This novel “Salina” was published in Malay Language originally in 1961, penned by Malaysian National Laureate, A. Samad Said. Basically, the story revolves around 2 main characters (but I wonder why “Salina” was chosen as the title instead) of which the storyline was mainly about. Nevertheless, the correlation between these 2 characters are that both are sucked into the profession of ‘men-entertaining’ : Salina as a prostitute who sold her body to earn a living whereas Nahidah was forced to become a waitress by her stepmother, Zarina. Both dwell in the slump area of Kampung Kambing and their so-called houses were actually goats-pen.
Japanese occupation in Singapore in 1940s.
Salina was once a fine girl born in a rich family but the tranquility of life was snatched during the occupation of Japan in Singapore. The harsh of life forced the once a respectable young lady to become a prostitute. She also has been living with an abusive man called Abdul Fakar (the protagonist of this novel) who was a womanizer and a drunkard – later we learned that the only reason why Salina patiently weathered the whims and whines of Abdul Fakar was merely the fact that Abdul Fakar’s face was somewhat similar to her dead first love, Muhammad Yusuf.
Prostitutes in Singapore during 1940s. Courtesy of Google Image.
Although as a prostitute, she was looked down by people but Salina proved to be a kind woman in nature. She befriended with an ailing woman named Katijah as well as her still-student youthful son named Hilmy; whom later she regarded as her younger brother. Some reviews speculated that Hilmy was actually the metaphorical symbol of A. Samad Said himself as it was said that this story “Salina” was inspired by a true story witnessed by A. Samad Said when he was in Singapore (but Goodness knows). Salina helped Hilmy and Katijah by giving them money to buy medicines as well as school books.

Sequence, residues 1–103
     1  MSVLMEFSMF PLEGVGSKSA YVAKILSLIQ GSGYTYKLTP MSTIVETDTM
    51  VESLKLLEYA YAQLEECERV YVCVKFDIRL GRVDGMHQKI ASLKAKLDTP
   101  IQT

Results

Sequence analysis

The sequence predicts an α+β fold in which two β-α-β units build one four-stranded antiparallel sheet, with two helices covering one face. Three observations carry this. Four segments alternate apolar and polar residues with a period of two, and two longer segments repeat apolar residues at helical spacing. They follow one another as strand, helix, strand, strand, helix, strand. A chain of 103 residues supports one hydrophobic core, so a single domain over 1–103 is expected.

The titular character “Salina” was forced into prostitution.
Nahidah was a sweet young girl who was in love with Hilmy and vice versa. But she was forced by Zarina, her stepmother to become a waitress. Nahidah was a brilliant young girl and did not recoil easily to the advances made by the lecherous males at the restaurant she was working but the sturdiness was crippled when one night, she was raped by Abdul Fakar. Confused and dazed, she was influenced by a waitress-friend to drink a ‘spiked’ beer (she was led to believe that by drinking beer, she could forget her sorrow of being raped); only to be drunk and was taken advantaged by a client named Encik Salim who has been eyeing her for ages – into a gang-rape. The incident was a final straw for Nahidah and she fled Singapore to Penang; thus, severing the romantic tie with Hilmy who was still unaware the real reason why she left him.